While the spaciousness of the open plan is visually impressive at first glance, the hidden spaces and customised interior details take time to be discovered. The basement houses a warren-like series of spaces for support functions. Requiring no windows, the 4 photo studios and immense archive are located here – the latter to accommodate eventually 25,000 articles from all G-Star collections and samples of mostly utilitarian clothing. Downstairs is also the mock-up shop set up like a real shop for testing retail concepts. It also functions as an additional showroom. Here, the in-house furniture, retail and fashion designers collaborate to find the best methods of display – for instance to highlight the 3D structure of men’s jeans without any visible ‘body’ parts.

While the entire architecture was customised for G-Star, the interior was customised by G-Star. The furniture was a joint effort between G-Star, the Prouvé family and Vitra. Some were part of the existing Prouvé RAW collection 
designed by Jean Prouvé re-issued by Vitra and new pieces were designed in collaboration with the Prouvé family and produced exclusively by Vitra for this project. This includes furniture in the workspaces, conference rooms and canteen – the only exception being the amorphous reception designed by Marc Newson, a long-time G-Star collaborator – to all the office furniture. Internal partitions in the workspaces that avoid the use of walls were custom-designed, black steel rectangular volumes that vary in depth depending on their use for storage or as a partition. Finding office furniture that fits a particular aesthetic is often a challenge for the design of any workspace environment. Here, G-Star just designed their own, with an industrial look using tubular steel, wood and leather inspired by Prouvé but fulfilling contemporary needs e.g. tables with cable gutters and office chairs on wheels. Custom producing the entire office furniture for more than 650 people is no small feat; this intense level of detail gives a whole new definition to the idea of integrated design.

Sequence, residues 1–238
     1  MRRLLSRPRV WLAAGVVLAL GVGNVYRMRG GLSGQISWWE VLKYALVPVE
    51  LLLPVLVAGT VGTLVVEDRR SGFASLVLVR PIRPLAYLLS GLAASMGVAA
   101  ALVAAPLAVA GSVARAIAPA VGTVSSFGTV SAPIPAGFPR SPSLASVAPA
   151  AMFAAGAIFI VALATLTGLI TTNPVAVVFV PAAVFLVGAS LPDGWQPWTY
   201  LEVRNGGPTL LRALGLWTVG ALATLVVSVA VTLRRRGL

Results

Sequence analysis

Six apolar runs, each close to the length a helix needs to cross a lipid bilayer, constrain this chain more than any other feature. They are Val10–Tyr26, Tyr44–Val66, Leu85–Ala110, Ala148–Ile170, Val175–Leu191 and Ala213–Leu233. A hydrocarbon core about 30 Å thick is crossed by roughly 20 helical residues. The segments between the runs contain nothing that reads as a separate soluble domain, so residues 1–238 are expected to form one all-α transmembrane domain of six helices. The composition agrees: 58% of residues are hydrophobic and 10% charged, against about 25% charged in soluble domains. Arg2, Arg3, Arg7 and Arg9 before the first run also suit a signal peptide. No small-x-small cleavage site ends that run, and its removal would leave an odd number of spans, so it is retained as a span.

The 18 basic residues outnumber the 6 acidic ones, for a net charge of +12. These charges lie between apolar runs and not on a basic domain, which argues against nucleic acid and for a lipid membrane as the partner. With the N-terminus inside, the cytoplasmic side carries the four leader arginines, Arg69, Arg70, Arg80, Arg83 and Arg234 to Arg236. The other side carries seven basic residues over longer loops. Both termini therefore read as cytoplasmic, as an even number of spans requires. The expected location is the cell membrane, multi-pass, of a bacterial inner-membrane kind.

The building was the result of a close dialogue between two (Dutch) companies that were working together for the first time. G-Star regularly collaborates with other companies that share similar values – the Crossover collection is the result when G-Star meets companies like Leica, Land Rover or Cannondale. The crossover with architecture here is no different (well only on a bigger scale). Reinier de Graaf: “Both companies share a similarity in mentality about how we work and what we produce.” Rem Koolhaas continues: “The interiors were designed by G-Star. This meant a withdrawal from OMA during the process, but we welcomed this situation as it produced an end result that is truly a hybrid of authorship.”

G-Star Collaborations

Main image: copyright OMA
All other images courtesy of G-Star